Ladies, tell me if this sounds familiar: despite having a wardrobe chock-full of clothes that you’ve never worn before, every new fashion season you’ll be out there swiping your credit card. If you’re reading this and shaking your head, congratulations – you belong to a tiny minority.
Modern consumer-to-consumer (C2C) selling apps offer an elegant solution to the problem of overcrowded wardrobes. They help people sell idle items to buyers who are looking for a bargain. Marketplace apps, such as Singapore-based Carousell, have become extremely popular with this crowd. However, Stephanie Crespin, founder of fashion ecommerce website Style Tribute, wants to focus on the top end of the secondhand market.
“ In Asia, the high-end fashion C2C secondhand market is not properly exploited yet. However, on a global scale many secondhand fashion businesses have flourished, especially in the US,” she explains.
Style Tribute was one of ten startups who participated in the Startup Arena Singapore 2014 competition just last month. They recently raised a round of seed funding from Great Simians, Crystal Horse Investments, as well as three angel investors, one of which is Trevor Healy, CEO of Amobee and former VP/GM of Paypal. The amount is undisclosed.
Catering to young corporate women
The idea for Style Tribute was born from Crespin’s passion for vintage and unique designer pieces. While in Paris and Brussels, she spotted several brick-and-mortar stores where she could sell her idle couture pieces and uncover incredible luxury products. As work became more demanding, though, she lacked time to hunt down original pieces or sell items to shops.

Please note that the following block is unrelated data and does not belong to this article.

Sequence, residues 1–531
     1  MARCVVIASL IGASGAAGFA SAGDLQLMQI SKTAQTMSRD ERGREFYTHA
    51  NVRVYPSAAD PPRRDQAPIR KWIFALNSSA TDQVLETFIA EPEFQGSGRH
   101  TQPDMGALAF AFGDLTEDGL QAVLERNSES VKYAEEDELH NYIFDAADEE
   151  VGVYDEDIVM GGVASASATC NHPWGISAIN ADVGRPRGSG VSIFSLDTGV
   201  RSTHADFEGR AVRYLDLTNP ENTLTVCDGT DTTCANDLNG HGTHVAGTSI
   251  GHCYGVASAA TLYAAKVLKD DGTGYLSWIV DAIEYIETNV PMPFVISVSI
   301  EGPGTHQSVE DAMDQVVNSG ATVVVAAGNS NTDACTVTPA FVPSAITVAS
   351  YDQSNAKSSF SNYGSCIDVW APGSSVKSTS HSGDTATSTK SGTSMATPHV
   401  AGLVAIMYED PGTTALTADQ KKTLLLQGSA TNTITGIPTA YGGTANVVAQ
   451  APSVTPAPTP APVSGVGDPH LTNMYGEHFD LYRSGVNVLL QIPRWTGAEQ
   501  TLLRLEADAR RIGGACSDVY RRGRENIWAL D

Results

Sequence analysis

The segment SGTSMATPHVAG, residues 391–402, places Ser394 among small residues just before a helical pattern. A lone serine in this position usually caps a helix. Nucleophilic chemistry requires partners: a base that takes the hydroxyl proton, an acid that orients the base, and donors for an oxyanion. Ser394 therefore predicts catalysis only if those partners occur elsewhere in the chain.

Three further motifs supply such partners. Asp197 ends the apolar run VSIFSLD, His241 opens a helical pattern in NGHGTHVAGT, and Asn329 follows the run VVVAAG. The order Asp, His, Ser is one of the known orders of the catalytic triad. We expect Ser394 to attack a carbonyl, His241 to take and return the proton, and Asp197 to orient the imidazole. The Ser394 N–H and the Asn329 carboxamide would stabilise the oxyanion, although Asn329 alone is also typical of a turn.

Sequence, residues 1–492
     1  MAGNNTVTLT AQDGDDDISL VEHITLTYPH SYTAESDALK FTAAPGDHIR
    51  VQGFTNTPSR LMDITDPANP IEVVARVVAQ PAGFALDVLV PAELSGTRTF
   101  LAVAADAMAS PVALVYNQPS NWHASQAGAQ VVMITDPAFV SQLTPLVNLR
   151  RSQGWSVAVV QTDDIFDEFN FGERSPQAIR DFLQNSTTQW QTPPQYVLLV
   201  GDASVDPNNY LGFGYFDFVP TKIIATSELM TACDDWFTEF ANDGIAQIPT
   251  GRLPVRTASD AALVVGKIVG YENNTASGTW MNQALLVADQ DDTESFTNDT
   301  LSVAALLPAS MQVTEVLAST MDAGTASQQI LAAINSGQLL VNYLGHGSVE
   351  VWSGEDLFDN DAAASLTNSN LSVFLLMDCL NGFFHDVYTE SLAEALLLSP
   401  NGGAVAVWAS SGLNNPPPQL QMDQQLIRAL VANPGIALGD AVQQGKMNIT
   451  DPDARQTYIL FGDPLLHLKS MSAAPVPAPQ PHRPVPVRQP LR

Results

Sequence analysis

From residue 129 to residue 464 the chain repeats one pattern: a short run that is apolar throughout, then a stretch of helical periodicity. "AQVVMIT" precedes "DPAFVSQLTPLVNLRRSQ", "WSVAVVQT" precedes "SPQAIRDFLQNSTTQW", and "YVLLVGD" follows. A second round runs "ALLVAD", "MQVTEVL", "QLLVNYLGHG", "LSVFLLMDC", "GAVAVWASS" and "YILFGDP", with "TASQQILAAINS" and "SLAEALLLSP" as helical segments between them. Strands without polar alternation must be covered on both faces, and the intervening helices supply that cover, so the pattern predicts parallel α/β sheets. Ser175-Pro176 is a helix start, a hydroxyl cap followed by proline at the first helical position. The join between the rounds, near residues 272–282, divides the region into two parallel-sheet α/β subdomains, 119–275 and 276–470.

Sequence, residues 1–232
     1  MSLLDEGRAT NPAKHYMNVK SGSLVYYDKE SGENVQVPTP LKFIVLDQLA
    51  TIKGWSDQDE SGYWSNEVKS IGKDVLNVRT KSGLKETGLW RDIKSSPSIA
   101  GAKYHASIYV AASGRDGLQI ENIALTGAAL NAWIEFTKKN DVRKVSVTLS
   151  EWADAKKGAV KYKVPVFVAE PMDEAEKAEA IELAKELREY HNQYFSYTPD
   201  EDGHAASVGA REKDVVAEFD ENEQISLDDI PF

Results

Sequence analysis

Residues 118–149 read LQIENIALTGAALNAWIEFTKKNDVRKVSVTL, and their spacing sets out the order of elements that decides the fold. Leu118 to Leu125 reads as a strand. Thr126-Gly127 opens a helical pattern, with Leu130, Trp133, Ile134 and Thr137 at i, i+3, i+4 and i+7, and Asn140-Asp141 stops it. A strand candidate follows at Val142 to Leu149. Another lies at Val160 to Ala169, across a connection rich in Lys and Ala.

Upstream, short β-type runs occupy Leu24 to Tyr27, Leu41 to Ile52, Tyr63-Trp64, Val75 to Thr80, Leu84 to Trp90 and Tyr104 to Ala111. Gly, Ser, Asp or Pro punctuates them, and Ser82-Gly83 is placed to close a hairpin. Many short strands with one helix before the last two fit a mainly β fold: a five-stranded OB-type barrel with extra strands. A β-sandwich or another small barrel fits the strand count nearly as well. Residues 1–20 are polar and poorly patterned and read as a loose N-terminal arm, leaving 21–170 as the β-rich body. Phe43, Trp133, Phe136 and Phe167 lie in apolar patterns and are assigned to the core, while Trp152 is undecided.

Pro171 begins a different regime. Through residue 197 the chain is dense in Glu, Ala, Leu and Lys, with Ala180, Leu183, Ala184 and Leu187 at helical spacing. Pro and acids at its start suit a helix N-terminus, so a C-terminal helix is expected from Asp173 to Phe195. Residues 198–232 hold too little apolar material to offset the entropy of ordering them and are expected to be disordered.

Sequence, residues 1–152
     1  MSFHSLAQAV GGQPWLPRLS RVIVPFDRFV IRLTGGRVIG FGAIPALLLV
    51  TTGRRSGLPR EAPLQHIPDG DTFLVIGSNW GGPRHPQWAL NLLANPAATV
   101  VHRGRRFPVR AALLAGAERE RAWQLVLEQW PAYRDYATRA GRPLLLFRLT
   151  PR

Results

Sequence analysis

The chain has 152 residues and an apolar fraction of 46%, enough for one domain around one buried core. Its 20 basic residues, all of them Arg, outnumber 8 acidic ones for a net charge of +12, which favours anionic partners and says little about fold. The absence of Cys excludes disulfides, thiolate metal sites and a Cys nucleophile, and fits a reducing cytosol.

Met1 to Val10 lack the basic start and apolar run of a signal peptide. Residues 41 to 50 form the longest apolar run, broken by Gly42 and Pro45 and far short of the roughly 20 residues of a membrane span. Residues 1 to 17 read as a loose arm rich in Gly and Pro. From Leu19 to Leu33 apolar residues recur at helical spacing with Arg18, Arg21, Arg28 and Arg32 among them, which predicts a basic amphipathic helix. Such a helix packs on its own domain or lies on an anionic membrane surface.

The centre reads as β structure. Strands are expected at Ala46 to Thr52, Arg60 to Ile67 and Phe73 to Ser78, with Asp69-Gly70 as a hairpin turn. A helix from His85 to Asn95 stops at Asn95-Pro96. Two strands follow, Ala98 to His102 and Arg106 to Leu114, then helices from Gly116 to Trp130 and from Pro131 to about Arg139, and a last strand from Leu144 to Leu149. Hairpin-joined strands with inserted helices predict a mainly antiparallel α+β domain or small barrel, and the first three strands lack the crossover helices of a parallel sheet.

“I then turned to Ebay, and had a really frustrating experience there. Selling was a hassle, and finding a fashionable piece on Ebay was like looking for a needle in a haystack,” she recalls. With this in mind, she created a platform for young corporates such as herself who are passionate about fashion.
Selling on Style Tribute is easy enough. All you need to do is submit a form and a couple of photos of your item, and the team will take care of the rest – uploading your pictures and information onto the website, picking up your item from you, shipping it to the new owner, and finally transferring the proceeds to you.
Crespin thinks that this concept will work because it addresses the needs of the current generation of working women, who typically have one too many designer pieces but are simply too lazy – or short of time – to sell them. They might also have no idea where they can get a good price for them. She elaborates:
They are smart shoppers – they know how to find a good deal, enabling them to wear as many stylish designer items as they possibly can with their income level. After all, why should one have to pay full price when she can get it on Style Tribute at 85 percent off? We have arrived at a generation of value seekers and educated shoppers who are knowledgeable about the different purchase options available. Prices have never been more transparent, and finding the items at the best price is within everyone’s reach. Consequently, we are engaging everyone independently of their social class or economic power.
An overcrowded wardrobe might not be the only reason why women want to sell their clothes. According to Crespin, the motivations vary widely. “One of our first clients was moving to a colonial house, and was concerned that the humidity would damage her gowns,” she says. “Our latest client had experienced an event’s theme change at the last minute, and the S$3,000 dress she bought specifically for that occasion was no longer appropriate. ”